Trial Arms

NameTypeDescriptionInterventions
Lymph node templateExperimentalIn patients randomized to standard, only the nodal packet under the external iliac vein and above the obturator nerve will be dissected. For patients randomized to the modified template, the external iliac, hypogastric and obturator fossa nodal groups will be removed.
    Transverse versus vertical closure of the port site incisionExperimental
      One vs. three days of antibiotic prophylaxisExperimental
      • antibiotic prophylaxis

      Eligibility Criteria

              Inclusion Criteria:
      
                -  Patients do not have to be eligible for both modifications to be included in the
                   study.
      
              Template modification:
      
                -  Patients 21 years or older scheduled for radical prostatectomy for the treatment of
                   prostate cancer with one of the consenting surgeons at MSKCC.
      
              Antbiotic prophylaxis:
      
                -  Patients 21 years or older scheduled for radical prostatectomy for the treatment of
                   prostate cancer with one of the consenting surgeons at MSKCC.
      
              Port site closure technique:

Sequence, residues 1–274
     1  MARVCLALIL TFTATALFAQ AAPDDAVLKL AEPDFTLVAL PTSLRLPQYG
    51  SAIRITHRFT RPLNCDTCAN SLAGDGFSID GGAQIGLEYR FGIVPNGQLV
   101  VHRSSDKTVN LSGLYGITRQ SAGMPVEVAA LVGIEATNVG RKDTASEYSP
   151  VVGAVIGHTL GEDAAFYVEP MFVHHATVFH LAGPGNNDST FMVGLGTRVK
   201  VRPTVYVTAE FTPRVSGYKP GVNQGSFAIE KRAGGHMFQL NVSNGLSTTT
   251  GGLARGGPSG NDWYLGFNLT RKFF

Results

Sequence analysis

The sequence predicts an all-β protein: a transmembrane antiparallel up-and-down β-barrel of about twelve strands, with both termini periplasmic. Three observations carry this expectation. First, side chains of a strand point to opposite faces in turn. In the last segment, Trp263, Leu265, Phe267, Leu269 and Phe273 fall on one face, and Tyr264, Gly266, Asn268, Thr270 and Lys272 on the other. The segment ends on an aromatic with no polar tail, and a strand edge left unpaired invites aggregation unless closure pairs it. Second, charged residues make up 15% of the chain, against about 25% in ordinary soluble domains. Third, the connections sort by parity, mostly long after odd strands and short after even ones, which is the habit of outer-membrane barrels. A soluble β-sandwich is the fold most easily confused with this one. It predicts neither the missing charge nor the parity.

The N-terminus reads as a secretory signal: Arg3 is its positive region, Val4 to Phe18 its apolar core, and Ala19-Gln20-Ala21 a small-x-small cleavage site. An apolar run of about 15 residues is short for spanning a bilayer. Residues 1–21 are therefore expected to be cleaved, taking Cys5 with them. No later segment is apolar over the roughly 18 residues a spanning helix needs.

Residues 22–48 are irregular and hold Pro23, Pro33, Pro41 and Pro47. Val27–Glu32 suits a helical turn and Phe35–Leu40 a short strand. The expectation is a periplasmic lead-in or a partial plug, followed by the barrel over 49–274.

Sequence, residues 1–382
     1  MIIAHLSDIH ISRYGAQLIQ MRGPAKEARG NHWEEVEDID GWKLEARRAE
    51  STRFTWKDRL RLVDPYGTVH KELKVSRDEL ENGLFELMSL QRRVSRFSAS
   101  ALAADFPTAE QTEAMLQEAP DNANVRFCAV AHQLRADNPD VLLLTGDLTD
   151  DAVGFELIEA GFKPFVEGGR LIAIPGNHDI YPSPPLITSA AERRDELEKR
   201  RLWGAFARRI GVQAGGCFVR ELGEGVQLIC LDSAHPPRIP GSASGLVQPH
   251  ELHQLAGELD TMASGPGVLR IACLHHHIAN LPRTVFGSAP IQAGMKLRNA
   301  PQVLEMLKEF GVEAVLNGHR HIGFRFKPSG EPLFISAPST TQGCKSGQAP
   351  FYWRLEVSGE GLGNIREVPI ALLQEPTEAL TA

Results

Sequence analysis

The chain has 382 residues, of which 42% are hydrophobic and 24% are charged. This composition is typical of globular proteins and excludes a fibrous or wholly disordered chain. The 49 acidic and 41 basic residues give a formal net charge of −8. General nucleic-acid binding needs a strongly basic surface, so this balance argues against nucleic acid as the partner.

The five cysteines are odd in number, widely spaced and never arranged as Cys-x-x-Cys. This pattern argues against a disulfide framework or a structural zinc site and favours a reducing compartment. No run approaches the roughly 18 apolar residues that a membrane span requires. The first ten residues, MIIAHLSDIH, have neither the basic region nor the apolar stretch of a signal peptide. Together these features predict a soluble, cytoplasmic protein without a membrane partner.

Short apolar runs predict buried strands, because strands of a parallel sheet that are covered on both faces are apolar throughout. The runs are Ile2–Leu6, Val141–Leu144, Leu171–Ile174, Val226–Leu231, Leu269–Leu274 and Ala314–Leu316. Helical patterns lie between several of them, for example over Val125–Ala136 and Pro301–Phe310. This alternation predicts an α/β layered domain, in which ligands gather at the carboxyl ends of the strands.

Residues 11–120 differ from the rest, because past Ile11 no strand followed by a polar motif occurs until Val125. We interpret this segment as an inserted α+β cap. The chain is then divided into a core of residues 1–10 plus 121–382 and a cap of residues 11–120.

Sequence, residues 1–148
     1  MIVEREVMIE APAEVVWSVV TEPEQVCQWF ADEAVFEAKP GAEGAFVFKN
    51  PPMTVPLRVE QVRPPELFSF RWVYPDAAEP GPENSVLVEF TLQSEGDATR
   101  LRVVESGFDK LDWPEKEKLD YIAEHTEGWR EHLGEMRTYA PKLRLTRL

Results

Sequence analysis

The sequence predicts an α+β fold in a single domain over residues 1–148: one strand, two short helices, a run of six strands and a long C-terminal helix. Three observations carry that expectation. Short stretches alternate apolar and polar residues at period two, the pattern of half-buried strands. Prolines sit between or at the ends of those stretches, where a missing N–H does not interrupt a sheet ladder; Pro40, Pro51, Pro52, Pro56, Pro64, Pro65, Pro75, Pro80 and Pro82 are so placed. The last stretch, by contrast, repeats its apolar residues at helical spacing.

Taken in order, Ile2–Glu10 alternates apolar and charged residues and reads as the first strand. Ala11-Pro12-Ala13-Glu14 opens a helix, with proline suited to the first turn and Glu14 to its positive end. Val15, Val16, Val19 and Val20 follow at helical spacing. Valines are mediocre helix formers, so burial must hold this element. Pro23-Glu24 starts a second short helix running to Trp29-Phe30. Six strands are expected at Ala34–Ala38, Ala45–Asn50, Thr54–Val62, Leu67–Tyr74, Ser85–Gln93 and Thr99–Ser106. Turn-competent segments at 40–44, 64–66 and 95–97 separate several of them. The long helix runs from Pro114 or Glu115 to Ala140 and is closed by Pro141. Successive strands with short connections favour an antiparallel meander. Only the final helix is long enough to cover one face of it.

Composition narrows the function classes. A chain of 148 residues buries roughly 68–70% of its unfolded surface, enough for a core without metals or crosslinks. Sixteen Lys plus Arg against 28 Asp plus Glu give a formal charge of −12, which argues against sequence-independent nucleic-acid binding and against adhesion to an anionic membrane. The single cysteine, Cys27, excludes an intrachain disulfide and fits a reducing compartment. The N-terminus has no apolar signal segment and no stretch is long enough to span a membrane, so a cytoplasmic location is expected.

-  Patients 21 years or older scheduled for minimally-invasive radical prostatectomy for
                   the treatment of prostate cancer with one of the consenting surgeons at MSKCC.
      
              Exclusion Criteria:
      
                -  There are no exclusion criteria for any of the modifications
            
      Maximum Eligible Age:N/A
      Minimum Eligible Age:21 Years
      Eligible Gender:Male
      Healthy Volunteers:No

      Primary Outcome Measures

      Measure:Patient-reported hernia
      Time Frame:1 year
      Safety Issue:
      Description:Patient-reported hernia is a routine assessment on post-operative questionnaires completed by prostate cancer patients at MSKCC. The questionnaire asks about hernia near the surgical scar and if there has been a need for surgical repair of the hernia.

      Secondary Outcome Measures

      Measure:To evaluate whether a modification to the template for lymph node dissection reduces biochemical recurrence rates
      Time Frame:2 years
      Safety Issue:
      Description:Biochemical recurrence is defined as any postoperative PSA of 0.2 ng / mL or higher, or treatment with hormones, radiotherapy or chemotherapy starting six months or more after radical prostatectomy.
      Measure:urinary tract infection (UTI)
      Time Frame:within 10 days
      Safety Issue:
      Description:urinary tract infection (UTI) within 10 days of catheter removal. We will use the CDC's definition of UTI: symptomatic UTI diagnosed in patients with positive urine cultures (≥100,000 microorganisms per cm3) and at least one of the following signs or symptoms with no other recognized cause: fever (>38oC), urgency, frequency, dysuria or suprapubic tenderness.50 UTI is routinely captured by clinical staff as a surgical complication.

      Details

      Phase:Phase 3
      Primary Purpose:Interventional
      Overall Status:Recruiting
      Lead Sponsor:Memorial Sloan Kettering Cancer Center

      Trial Keywords

      • radical prostatectomy
      • anastomotic suturing
      • lymph node dissection
      • 11-096

      Last Updated

      October 22, 2019